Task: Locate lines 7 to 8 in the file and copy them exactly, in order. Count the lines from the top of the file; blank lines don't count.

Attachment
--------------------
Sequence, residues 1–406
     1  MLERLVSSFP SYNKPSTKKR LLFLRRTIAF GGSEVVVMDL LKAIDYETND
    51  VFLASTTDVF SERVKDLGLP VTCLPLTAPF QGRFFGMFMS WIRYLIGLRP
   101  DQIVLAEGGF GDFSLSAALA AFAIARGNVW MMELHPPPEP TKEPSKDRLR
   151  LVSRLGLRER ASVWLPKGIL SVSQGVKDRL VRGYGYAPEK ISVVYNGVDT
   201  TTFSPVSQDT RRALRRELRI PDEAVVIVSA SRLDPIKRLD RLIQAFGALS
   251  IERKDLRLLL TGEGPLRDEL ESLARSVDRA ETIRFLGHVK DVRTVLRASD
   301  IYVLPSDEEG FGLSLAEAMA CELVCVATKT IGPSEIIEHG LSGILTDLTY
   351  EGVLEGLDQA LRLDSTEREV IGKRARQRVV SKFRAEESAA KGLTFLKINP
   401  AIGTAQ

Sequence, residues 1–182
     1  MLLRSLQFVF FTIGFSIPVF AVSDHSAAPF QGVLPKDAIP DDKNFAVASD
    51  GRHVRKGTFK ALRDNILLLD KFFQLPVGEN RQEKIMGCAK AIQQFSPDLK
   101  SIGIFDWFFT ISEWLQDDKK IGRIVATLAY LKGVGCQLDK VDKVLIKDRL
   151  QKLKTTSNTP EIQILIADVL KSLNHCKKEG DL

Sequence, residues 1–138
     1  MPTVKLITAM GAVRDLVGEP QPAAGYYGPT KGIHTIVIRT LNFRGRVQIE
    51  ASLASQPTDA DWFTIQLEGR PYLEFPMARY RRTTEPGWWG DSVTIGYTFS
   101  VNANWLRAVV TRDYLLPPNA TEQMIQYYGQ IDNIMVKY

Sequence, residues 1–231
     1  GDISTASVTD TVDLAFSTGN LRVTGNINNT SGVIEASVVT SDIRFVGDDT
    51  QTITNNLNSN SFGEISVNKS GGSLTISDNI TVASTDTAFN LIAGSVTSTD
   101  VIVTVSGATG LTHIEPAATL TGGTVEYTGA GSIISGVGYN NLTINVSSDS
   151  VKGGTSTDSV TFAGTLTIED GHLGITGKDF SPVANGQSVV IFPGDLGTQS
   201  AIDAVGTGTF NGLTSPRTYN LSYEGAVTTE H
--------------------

   251  IERKDLRLLL TGEGPLRDEL ESLARSVDRA ETIRFLGHVK DVRTVLRASD
   301  IYVLPSDEEG FGLSLAEAMA CELVCVATKT IGPSEIIEHG LSGILTDLTY